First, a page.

I cannot judge whether Hitler is near madness in the clinical sense. My own experience of him and what I have learned from others indicate a lack of control amounting to total demoralization. His shrieking and frenzied shouting, his stamping, his tempests of rage—all this was grotesque and unpleasant, but it was not madness. When a grown-up man lashes out against the walls like a horse in its stall, or throws himself on the ground his conduct may be morbid, but it is more certainly rude and undisciplined.
Hitler, however, has states that approach persecution mania and dual personality. His sleeplessness is more than the mere result of excessive nervous strain. He often wakes up in the middle of the night and wanders restlessly to and fro. Then he must have light everywhere. Lately he has sent at these times for young men who have to keep him company during his hours of manifest anguish. At times these conditions must have become dreadful. A man in the closest daily association with him gave me this account: Hitler wakes at night with convulsive shrieks. He shouts for help. He sits on the edge of his bed, as if unable to stir. He shakes with fear, making the whole bed vibrate. He shouts confused, totally unintelligible phrases. He gasps, as if imagining himself to be suffocating.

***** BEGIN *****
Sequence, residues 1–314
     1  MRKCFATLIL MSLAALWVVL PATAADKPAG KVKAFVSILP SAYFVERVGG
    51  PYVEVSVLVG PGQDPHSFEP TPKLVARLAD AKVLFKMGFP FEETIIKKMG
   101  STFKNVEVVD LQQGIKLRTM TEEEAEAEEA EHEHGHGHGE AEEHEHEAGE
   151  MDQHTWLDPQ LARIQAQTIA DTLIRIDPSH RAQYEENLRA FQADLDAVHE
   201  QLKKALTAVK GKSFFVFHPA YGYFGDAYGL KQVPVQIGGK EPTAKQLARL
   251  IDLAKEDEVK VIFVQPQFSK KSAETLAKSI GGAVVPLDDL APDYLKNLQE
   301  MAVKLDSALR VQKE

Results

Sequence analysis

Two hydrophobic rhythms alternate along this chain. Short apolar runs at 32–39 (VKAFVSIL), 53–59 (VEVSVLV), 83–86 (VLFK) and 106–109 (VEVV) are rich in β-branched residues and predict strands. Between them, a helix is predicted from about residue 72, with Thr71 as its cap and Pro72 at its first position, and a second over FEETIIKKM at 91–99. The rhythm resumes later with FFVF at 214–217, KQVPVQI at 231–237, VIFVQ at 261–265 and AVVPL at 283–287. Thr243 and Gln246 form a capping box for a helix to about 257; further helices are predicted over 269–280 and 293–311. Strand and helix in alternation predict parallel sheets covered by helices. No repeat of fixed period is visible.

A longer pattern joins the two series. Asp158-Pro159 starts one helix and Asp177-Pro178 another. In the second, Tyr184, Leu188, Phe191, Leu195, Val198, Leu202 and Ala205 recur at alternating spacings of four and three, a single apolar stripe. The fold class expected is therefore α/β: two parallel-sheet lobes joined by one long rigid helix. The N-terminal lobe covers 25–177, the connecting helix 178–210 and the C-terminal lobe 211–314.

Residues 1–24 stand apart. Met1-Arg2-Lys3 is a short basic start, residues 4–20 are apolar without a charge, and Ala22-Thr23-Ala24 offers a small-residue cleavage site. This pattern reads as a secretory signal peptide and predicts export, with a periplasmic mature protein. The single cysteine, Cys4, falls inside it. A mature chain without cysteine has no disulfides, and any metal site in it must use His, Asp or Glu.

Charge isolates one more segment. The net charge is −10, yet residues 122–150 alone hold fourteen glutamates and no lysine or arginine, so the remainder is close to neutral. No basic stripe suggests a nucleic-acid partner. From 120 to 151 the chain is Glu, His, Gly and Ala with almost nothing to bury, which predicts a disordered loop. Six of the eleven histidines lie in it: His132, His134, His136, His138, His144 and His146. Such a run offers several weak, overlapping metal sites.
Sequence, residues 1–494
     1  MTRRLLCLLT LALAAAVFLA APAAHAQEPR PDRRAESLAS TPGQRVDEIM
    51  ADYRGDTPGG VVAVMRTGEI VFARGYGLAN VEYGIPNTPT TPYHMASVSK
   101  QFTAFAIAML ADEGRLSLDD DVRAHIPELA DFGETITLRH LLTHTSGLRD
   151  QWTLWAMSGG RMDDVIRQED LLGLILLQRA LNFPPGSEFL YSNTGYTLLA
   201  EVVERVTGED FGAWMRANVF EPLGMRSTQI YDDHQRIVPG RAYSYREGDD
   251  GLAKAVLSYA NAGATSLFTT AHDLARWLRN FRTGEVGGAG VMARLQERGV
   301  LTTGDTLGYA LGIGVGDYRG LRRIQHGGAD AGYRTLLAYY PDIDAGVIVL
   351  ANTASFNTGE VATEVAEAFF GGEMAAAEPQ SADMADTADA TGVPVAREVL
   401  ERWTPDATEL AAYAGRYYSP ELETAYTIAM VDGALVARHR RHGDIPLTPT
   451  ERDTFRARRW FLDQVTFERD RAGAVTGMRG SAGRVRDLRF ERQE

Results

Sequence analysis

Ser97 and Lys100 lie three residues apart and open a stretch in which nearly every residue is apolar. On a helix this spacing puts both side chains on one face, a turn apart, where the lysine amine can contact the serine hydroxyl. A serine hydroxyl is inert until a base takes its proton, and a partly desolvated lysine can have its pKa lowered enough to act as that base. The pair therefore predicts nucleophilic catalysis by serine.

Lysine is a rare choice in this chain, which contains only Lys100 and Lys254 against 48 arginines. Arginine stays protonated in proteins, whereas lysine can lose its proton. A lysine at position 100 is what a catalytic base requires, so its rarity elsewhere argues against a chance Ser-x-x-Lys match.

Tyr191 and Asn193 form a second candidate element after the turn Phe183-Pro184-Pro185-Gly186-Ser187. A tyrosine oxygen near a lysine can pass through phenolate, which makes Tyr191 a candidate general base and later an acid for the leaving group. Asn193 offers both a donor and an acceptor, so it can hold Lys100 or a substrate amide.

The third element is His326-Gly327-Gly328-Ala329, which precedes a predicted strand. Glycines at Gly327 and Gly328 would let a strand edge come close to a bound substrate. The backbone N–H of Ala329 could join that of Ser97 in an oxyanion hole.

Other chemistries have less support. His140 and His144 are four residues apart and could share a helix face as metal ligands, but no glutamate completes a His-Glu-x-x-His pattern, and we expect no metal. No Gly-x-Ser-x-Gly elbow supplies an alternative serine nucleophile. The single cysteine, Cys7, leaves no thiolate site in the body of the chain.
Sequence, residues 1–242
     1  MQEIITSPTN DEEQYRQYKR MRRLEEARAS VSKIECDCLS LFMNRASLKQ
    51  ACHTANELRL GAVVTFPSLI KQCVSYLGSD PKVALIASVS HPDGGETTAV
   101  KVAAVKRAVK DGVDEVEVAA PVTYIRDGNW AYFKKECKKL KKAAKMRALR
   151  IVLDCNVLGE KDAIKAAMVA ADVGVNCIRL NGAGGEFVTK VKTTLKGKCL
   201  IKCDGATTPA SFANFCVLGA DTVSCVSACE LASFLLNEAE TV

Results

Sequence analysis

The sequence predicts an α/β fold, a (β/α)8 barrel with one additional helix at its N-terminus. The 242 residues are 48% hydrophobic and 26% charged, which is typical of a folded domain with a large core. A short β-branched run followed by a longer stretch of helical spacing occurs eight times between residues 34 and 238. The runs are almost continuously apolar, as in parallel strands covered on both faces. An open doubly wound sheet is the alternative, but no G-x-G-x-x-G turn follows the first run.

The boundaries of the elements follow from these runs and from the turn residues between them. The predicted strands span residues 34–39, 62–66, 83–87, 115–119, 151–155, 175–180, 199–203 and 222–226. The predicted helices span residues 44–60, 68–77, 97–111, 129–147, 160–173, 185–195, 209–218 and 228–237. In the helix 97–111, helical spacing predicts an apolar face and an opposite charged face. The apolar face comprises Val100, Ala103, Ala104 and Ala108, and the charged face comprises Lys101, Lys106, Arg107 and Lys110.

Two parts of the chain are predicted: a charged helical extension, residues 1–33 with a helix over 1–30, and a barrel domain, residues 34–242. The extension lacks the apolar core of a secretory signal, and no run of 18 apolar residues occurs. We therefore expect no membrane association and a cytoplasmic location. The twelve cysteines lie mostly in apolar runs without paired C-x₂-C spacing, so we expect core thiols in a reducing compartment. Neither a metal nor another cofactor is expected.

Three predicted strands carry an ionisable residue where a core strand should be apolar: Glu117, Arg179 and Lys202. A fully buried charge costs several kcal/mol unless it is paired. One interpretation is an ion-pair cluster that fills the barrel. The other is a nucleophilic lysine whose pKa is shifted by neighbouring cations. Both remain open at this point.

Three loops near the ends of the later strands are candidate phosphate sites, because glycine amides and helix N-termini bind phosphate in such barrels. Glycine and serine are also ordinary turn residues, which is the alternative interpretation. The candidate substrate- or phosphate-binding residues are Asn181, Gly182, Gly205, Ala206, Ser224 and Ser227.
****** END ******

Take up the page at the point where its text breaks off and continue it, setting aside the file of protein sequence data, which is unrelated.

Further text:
My informant described to me in full detail a remarkable scene—I should not have credited the story if it had not come from such a source. Hitler stood swaying in his room, looking wildly about him. “He! He! He’s been here!” he gasped. His lips were blue. Sweat streamed down his face. Suddenly he began to reel off figures, and odd words and broken phrases, entirely devoid of sense. It sounded horrible. He used strangely composed and entirely un-German word-formations. Then he stood quite still, only his lips moving. He was massaged and offered something to drink. Then he suddenly broke out—
“There, there! In the corner! Who’s that?”
He stamped and shrieked in the familiar way. He was shown that there was nothing out of the ordinary in the room, and then he gradually grew calm. After that he lay asleep for many hours, and then for some time things were durable.
There is an instructive parallel—mediums. Most of these are ordinary, undistinguished persons; yet suddenly they acquire gifts that carry them far above the common crowd. These qualities have nothing to do with the medium’s own personality. They are conveyed to him from without. The medium is possessed by them. He, himself, however, is uninfluenced by them. In the same way undeniable powers enter into Hitler, genuinely daemonic powers, which make men his instruments. The common united with the uncom-mon—that is what makes Hitler’s personality so desperate a puzzle to those who come into contact with him. Dostoevsky might well have invented him, with the morbid derangement and the pseudo-creativeness of his hysteria.
I have frequently heard men confess that they are afraid of him, that they, grown men though they are, cannot visit him without a beating heart. They have the feeling that the man will suddenly spring at them and strangle them, or throw the inkpot at them, or do something senseless.
Hermann Rauschning, The Voice of Destruction (New York, NY: G.P. Putnam’s Sons, 1940), 49-51, 255-257, 258.